Now reread Psalm 142, but from the perspective of Jesus as he faces the traps and plots of the Pharisees and Scribes. Reread it in light of Hebrews 5:7:During the days of Jesus’ life on earth, he offered up prayers and petitions with fervent cries and tears to the one who could save him from death, and he was heard because of his reverent submission.

The third point of view, our own, should be sought only after we’ve wrestled with the first two. If we’re to properly profit from the Davidic Psalms, we’ll have to suppress the natural selfishness that immediately inserts our own experiences into biblical texts. The Holy Spirit invites us into the texts, but our entrance is best accomplished by identifying with the humanity of David and Jesus.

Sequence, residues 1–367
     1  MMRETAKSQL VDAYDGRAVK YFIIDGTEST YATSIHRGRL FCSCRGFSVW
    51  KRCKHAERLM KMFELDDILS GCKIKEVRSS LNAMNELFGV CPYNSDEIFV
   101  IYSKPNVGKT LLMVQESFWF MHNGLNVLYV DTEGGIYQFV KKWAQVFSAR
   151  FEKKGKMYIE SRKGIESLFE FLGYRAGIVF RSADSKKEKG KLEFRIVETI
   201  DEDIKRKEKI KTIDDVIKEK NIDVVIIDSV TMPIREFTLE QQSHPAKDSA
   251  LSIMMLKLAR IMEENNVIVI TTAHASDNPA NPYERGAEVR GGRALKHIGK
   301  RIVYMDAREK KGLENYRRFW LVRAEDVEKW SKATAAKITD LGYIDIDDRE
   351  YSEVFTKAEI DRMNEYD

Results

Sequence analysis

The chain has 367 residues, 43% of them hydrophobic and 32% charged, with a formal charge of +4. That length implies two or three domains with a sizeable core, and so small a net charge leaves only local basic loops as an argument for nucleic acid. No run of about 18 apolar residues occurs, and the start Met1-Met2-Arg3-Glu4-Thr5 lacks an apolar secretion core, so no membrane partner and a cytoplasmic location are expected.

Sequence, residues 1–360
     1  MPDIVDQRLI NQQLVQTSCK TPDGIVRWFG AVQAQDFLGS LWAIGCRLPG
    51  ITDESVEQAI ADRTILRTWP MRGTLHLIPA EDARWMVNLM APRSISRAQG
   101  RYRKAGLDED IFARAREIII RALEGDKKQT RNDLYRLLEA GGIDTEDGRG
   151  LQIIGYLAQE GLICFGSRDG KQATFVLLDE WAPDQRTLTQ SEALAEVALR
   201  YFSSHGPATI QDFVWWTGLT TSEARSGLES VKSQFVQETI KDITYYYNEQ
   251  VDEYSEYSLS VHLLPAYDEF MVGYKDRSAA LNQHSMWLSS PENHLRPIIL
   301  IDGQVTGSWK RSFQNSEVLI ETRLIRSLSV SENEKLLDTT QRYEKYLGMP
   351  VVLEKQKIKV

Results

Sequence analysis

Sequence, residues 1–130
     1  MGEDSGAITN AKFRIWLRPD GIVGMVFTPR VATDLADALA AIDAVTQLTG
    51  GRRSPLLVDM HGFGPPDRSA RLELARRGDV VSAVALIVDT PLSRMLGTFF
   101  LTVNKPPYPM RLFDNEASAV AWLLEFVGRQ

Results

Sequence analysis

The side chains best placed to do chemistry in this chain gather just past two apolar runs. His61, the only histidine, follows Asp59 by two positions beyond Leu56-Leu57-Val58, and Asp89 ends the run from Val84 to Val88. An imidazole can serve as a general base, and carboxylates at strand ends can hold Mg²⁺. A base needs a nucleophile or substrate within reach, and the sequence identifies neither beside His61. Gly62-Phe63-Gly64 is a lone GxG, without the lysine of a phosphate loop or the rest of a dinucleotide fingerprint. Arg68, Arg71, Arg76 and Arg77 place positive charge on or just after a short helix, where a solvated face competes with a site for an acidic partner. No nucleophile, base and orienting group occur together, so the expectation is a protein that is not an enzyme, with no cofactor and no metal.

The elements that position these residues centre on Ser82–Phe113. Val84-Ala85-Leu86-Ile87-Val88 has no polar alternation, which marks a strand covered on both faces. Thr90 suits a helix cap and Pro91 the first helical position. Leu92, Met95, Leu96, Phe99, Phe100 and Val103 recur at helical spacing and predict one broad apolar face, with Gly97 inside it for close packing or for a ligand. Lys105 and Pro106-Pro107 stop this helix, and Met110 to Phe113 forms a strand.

We identify with David by reading his story (In the Books of Samuel, Chronicles, and the Psalms) and recognizing that his fears, illnesses, temptations, depressions, and failures are similar to our own. The following section from Psalm 143 expresses David’s--and all disciples’-soul-cry to God. We all have human and spiritual enemies that seek to harm us.

1 Lord, hear my prayer,

    listen to my cry for mercy;

  in your faithfulness and righteousness

    come to my relief.

2 Do not bring your servant into judgment,

    for no one living is righteous before you.

3 The enemy pursues me,

    he crushes me to the ground;

  he makes me dwell in the darkness

    like those long dead.

4 So my spirit grows faint within me;

    my heart within me is dismayed. (Psalm 143:1-4)